In you, Lord my God,
I put my trust.

I trust in you;
do not let me be put to shame,
nor let my enemies triumph over me.
No one who hopes in you
will ever be put to shame,
but shame will come on those
who are treacherous without cause.

Psalm 25:1-3

Cliff Avenue Church became the training ground for how I would serve God in bigger ways later on. This was my church home in 1993 when I first decided to come out in an effort to reduce the stigma of mental illness.

I had read an article in a mental health newsletter by Dr. John Varsamis who said, “If everyone with a mood disorder would tell a close friend or family member about it, and educate them, there would soon be no more stigma.” That inspired me.

I found the whole stigma thing very ugly, causing people with conditions they couldn’t help to be rejected by society. If there were no stigma, they wouldn’t have to deal with such feelings of shame.

I decided that the best way to beat stigma would be to show that I myself am not ashamed of who I am. I can educate by telling my story. I realized that if I wanted things to be different, it would have to start with me.

I think the most important thing for ourselves to come to terms with is the fact that our disorder does not define who we are as people. We are as worthy as any other segment of society. We need to learn to feel good about who we are.

I sent an article to the Vancouver Sun. Editors wasted no time publishing Sick, but No One Brought me Flowers, together with my name and picture. The article described what it was like to be 19 years old and a patient at Riverview Hospital. The moment I arrived at church the next Sunday, my friends there surrounded me with big hugs. They were proud of me. What wonderful memories those are!

Not long after, I began work on my first full-length book, Riding the Roller Coaster which was published in 1999. That book will require a story of its own. I will tell you about that another time.

Everyone in my world knew. But coming out did not hurt me very much. I didn’t care if there were some people who thought I might be weird. For the most part, I didn’t think they did. I had many friends and felt I had their respect, even if they did know I had a serious mental illness. I felt good about myself and learned to walk with confidence in all areas of my life.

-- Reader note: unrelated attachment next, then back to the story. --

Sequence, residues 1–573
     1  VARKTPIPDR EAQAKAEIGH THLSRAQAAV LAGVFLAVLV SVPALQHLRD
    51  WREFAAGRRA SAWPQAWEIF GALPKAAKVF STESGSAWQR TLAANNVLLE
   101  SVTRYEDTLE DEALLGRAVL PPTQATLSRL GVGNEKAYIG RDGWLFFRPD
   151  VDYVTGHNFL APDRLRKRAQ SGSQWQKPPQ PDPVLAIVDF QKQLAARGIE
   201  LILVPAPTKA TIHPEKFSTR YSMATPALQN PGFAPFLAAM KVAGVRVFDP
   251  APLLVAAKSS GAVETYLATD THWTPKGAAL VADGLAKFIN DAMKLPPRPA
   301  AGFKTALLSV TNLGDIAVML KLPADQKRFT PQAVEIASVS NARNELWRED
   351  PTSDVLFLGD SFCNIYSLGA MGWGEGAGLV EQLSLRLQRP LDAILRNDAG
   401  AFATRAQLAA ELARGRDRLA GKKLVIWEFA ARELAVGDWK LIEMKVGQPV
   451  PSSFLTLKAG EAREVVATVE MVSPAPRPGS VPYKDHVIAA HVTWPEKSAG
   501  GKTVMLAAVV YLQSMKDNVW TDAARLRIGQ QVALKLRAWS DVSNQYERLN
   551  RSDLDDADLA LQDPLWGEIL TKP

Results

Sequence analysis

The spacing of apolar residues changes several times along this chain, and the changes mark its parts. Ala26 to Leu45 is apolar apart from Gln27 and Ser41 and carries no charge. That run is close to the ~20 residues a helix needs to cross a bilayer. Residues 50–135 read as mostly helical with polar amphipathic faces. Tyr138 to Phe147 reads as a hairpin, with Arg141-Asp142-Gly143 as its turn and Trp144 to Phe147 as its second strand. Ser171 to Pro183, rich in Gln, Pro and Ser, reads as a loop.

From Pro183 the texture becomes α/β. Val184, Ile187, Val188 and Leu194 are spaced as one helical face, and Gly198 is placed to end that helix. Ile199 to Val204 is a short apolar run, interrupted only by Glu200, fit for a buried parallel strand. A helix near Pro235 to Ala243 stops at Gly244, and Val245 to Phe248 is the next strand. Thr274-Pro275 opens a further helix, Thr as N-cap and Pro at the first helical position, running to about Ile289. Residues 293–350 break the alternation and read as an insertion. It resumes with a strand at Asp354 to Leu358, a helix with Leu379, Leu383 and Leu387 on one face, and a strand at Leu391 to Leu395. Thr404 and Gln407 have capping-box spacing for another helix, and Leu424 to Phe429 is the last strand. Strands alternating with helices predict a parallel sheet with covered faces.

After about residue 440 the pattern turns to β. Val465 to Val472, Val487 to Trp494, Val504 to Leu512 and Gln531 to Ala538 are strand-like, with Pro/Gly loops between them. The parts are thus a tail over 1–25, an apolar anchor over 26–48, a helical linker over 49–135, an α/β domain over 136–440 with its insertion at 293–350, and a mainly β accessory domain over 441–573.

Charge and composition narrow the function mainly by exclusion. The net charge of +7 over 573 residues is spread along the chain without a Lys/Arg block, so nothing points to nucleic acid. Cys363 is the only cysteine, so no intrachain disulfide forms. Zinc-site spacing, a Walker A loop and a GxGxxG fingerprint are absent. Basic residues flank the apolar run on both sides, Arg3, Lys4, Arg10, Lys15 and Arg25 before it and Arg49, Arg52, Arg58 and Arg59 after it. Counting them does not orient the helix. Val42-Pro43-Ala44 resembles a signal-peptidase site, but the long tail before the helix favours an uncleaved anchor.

The book gave me credibility and the church was 100 percent behind me when I proposed a depression seminar—one which took place in 2000 and another one in 2001. Members knew about my severe mental illness, yet they trusted me fully to organize these events. The church felt proud to be offering this unique opportunity for people to get help for their emotional needs in a church environment.

These seminars were among the first occasions when mental health was addressed as a topic that Christians and their churches needed to hear about. The speakers at the first seminar were Dr. Roy Bell, lead pastor of First Baptist Church and psychiatrist, Dr. Fred Adrian. Throughout the seminar, they took turns, one talking about the medical side of depression, the other speaking about the spiritual side of things.

The keynote speaker in the next year, was Dr. Phil Long who spoke in the morning. The seminar was well attended. After a beautiful lunch, prepared by the women of the church, the people who had gathered split into two groups with a facilitator for each. One group shared what it was like to live with depression, while the other group provided a space where caregivers could share their experiences.

In a most innocent way, I never considered that coming out would one day result in negative treatment. And so, for some 15 years I openly moved forward, with a joyful spirit doing what God led me to do. I fully sensed the importance of what I was doing, never questioning the wisdom of it. Blind to how the reality of stigma might affect me. Years later when I found myself stigmatized, I wondered at times whether I should have been so open.

Would my life have been easier if I hadn’t come out in the way I did? Probably. I had no idea at first how much suffering it would cause. But if I hadn’t done so, my life would not have been nearly as meaningful as it turned out to be. I was following Jesus and helping people with mental health challenges have better lives. And that was important to me.

Why didn’t I feel ashamed about being so open? Coming out was definitely a sacrifice I made, though it didn’t feel like it. People were calling me courageous, though I didn’t feel courageous. I simply did not feel there was anything to be ashamed of. And this was the message I acted out.

How good it was that I started believing in an almighty Father—loved by him, valued. From the moment I opened my heart to his great love, I found myself sharing that love with the people around me—especially those in my first church home, Cliff Avenue. And my friends there responded well to that love. I was loved back.